Partner James Roland “JH” Holmes

Queer Places:
Northwestern University, 633 Clark St, Evanston, IL 60208, Stati Uniti
University of Chicago, 5801 S Ellis Ave, Chicago, IL 60637, Stati Uniti
Yaddo, 312 Union Ave, Saratoga Springs, NY 12866, Stati Uniti
Juilliard School, 60 Lincoln Center Plaza, New York, NY 10023, Stati Uniti
Curtis Institute of Music, 1726 Locust St, Philadelphia, PA 19103, Stati Uniti

Ned Rorem (born October 23, 1923[1]) is an American composer and diarist. He won a Pulitzer Prize in 1976.[2]

Rorem was born in Richmond, Indiana, the son of C. Rufus Rorem, whose ideas and 1930 study were the basis for the Blue Cross and Blue Shield insurance plans. He received his early education in Chicago at the University of Chicago Laboratory Schools, the American Conservatory of Music and then Northwestern University. Later, Rorem moved on to the Curtis Institute in Philadelphia and finally the Juilliard School in New York City. Rorem was raised as a Quaker and makes reference to this in interviews in relation to his piece based on Quaker texts, A Quaker Reader.[3][4]

In 1966 he published The Paris Diary of Ned Rorem, which – with his later diaries – has brought him some notoriety, as he is honest about his and others' sexuality, describing his relationships with Leonard Bernstein, Noël Coward, Samuel Barber, and Virgil Thomson, and outing several others (Aldrich and Wotherspoon, eds., 2001). Rorem has written extensively about music as well. These essays are collected in the anthologies Setting the Tone, Music from the Inside Out, and Music and People. His prose is much admired, not least for its barbed observations about such prominent musicians as Pierre Boulez. Rorem has composed in a chromatic tonal idiom throughout his career, and he is not hesitant to attack the orthodoxies of the avant-garde.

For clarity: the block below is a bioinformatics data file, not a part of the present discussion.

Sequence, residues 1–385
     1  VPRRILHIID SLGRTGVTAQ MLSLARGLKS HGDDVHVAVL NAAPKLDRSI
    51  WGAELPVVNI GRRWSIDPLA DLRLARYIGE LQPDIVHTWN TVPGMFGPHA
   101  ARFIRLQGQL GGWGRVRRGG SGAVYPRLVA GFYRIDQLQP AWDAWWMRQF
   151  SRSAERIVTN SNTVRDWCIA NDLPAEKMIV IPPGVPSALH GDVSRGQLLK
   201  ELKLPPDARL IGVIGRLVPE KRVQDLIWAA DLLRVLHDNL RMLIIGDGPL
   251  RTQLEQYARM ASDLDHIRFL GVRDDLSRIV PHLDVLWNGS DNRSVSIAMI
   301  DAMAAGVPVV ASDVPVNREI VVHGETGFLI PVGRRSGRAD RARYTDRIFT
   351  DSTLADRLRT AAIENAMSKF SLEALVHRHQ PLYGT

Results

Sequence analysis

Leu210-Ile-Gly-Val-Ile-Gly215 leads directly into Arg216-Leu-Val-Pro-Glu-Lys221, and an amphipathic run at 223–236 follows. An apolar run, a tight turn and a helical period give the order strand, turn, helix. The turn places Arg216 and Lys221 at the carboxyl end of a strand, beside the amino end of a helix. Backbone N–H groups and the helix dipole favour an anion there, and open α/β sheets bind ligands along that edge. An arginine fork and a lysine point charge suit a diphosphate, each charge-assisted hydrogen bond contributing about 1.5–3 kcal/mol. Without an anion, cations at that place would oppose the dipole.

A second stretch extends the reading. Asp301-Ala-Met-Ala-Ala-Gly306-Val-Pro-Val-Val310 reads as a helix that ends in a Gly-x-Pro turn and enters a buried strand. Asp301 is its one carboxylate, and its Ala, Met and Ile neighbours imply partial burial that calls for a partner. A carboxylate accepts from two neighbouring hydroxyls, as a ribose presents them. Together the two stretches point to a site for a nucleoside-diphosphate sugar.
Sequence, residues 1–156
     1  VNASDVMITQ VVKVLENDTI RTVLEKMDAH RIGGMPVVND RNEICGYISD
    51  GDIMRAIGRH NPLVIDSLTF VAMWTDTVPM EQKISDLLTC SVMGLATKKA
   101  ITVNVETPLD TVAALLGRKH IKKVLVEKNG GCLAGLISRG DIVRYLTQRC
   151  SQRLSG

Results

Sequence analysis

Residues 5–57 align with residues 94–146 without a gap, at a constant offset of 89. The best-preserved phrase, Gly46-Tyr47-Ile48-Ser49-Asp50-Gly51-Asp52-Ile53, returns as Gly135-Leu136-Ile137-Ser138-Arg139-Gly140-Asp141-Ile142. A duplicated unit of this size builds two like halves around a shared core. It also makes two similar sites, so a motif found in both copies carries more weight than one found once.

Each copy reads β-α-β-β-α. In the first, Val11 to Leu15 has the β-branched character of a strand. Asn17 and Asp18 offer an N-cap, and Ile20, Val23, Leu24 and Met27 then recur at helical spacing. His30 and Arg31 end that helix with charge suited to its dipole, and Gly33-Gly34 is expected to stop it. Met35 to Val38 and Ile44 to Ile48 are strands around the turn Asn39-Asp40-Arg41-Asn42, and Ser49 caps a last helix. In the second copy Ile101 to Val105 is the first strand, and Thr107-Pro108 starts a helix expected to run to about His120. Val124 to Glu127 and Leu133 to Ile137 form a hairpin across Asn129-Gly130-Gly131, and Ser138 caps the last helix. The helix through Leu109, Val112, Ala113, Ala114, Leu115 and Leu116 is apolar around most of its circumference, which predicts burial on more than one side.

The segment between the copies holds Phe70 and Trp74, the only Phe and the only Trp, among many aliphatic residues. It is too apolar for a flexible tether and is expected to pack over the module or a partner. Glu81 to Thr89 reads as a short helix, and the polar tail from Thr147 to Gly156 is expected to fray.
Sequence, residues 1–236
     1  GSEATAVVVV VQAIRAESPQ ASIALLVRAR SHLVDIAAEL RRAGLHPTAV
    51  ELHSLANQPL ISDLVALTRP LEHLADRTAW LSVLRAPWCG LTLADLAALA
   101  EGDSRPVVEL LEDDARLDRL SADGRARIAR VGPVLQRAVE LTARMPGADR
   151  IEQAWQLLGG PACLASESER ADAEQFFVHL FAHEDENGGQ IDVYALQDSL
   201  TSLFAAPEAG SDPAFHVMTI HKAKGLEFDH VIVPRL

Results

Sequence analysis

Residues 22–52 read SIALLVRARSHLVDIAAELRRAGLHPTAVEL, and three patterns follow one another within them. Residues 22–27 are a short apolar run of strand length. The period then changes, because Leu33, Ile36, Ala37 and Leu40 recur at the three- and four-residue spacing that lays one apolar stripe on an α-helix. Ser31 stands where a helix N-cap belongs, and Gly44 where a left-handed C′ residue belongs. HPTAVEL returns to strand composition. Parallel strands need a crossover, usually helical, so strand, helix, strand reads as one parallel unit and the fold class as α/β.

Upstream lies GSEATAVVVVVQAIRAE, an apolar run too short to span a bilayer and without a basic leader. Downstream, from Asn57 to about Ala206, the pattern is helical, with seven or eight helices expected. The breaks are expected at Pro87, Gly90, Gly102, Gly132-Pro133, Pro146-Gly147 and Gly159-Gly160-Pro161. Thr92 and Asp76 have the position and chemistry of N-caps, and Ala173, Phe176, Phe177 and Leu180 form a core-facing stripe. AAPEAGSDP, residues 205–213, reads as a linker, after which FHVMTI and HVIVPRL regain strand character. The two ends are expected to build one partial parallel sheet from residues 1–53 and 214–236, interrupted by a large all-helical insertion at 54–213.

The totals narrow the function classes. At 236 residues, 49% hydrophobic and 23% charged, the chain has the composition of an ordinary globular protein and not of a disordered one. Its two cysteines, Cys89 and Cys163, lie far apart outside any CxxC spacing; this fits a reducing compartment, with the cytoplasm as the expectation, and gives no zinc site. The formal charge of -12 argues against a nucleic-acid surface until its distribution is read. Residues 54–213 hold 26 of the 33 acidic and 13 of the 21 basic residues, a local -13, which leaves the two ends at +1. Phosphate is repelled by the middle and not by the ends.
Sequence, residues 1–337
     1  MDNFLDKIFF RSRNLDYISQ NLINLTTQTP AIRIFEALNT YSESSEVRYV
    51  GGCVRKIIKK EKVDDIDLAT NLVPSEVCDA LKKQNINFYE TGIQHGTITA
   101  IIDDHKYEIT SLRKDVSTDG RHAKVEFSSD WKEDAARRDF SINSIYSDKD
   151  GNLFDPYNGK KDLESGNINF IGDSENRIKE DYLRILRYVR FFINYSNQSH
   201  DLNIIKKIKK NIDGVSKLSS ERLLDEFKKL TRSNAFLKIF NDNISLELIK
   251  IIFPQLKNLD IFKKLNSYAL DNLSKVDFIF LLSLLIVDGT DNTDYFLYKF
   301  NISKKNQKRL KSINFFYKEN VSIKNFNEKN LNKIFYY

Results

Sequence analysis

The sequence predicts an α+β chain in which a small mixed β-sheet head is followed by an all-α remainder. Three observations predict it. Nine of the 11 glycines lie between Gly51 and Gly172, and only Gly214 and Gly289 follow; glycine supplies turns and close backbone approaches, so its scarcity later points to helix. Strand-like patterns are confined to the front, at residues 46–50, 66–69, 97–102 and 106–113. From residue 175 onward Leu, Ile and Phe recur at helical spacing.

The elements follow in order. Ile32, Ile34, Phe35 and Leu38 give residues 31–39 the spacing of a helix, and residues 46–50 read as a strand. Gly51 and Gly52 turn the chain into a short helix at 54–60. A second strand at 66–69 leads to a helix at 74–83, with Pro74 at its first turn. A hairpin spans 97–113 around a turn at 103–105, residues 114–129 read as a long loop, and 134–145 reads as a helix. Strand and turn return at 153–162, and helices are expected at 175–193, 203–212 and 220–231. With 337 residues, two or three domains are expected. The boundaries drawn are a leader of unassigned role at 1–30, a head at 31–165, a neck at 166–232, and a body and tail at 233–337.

His notable students include Jonathan Bailey Holland, Daron Hagen and David Horne.

James Holmes, an organist and choir director long associated with the Episcopal Church of St. Matthew and St. Timothy on West 84th Street in Manhattan, and a sometime composer of considerable skill, died on January 7, 1999, at his home in Manhattan. He was 59. He was Ned Rorem's companion of more than 30 years.

In Rorem’s diaries, James Holmes was known as JH, and on many occasions Rorem mentioned how great his dependency on JH was. At the time when Rorem and Holmes were celebrating their 30th year anniversary, Holmes was battling cancer. Eventually, Holmes was diagnosed HIV positive, and after a great struggle with Rorem by his side, Holmes died of AIDS in 1999. Rorem described the struggle that he and JH faced in his publication, Lies. This haunting work shows the despair and brutality of watching a lover die. As Edmund White says in a roundtable for the New York Times,
The most terrible thing about AIDS is that it destroys the relationship, no matter how loving, between the two partners and eats away at the character of the person who’s dying. Nobody has AIDS and is noble. That’s why all these melodramatic, kitschy plays about AIDS are such lies. Ned told the truth. Maybe the diary is the best form for talking about AIDS, because it shows the quotidian pain, the shifts, the struggles, the reconciliations, the hopes, the dashed hopes. Everything is there.
Since the death of JH, Rorem has said that he no longer looks forward to anything. However, while JH’s death was such a tragedy in his life, Rorem has played a larger role in AIDS awareness because of it.


  1. https://en.wikipedia.org/queerplaces/images/Ned_Rorem